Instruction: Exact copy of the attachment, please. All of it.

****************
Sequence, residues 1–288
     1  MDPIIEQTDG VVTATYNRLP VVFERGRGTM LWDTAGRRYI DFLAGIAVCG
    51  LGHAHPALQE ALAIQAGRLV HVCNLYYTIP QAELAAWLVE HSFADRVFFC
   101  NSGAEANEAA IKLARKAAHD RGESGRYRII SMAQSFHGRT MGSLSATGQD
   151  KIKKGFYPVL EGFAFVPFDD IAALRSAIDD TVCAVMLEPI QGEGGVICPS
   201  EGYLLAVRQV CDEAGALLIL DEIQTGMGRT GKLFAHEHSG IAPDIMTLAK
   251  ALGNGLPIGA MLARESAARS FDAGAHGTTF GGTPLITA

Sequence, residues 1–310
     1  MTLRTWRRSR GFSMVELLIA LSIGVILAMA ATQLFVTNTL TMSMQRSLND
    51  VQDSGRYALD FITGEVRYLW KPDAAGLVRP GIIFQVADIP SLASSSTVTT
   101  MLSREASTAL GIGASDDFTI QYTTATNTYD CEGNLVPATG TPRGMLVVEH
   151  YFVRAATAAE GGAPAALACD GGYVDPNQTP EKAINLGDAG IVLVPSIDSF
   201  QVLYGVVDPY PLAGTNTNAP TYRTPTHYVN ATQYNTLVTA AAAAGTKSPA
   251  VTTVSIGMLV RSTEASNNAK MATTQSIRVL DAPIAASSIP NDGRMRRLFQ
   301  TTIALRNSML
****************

Sequence, residues 1–288
     1  MDPIIEQTDG VVTATYNRLP VVFERGRGTM LWDTAGRRYI DFLAGIAVCG
    51  LGHAHPALQE ALAIQAGRLV HVCNLYYTIP QAELAAWLVE HSFADRVFFC
   101  NSGAEANEAA IKLARKAAHD RGESGRYRII SMAQSFHGRT MGSLSATGQD
   151  KIKKGFYPVL EGFAFVPFDD IAALRSAIDD TVCAVMLEPI QGEGGVICPS
   201  EGYLLAVRQV CDEAGALLIL DEIQTGMGRT GKLFAHEHSG IAPDIMTLAK
   251  ALGNGLPIGA MLARESAARS FDAGAHGTTF GGTPLITA

Sequence, residues 1–310
     1  MTLRTWRRSR GFSMVELLIA LSIGVILAMA ATQLFVTNTL TMSMQRSLND
    51  VQDSGRYALD FITGEVRYLW KPDAAGLVRP GIIFQVADIP SLASSSTVTT
   101  MLSREASTAL GIGASDDFTI QYTTATNTYD CEGNLVPATG TPRGMLVVEH
   151  YFVRAATAAE GGAPAALACD GGYVDPNQTP EKAINLGDAG IVLVPSIDSF
   201  QVLYGVVDPY PLAGTNTNAP TYRTPTHYVN ATQYNTLVTA AAAAGTKSPA
   251  VTTVSIGMLV RSTEASNNAK MATTQSIRVL DAPIAASSIP NDGRMRRLFQ
   301  TTIALRNSML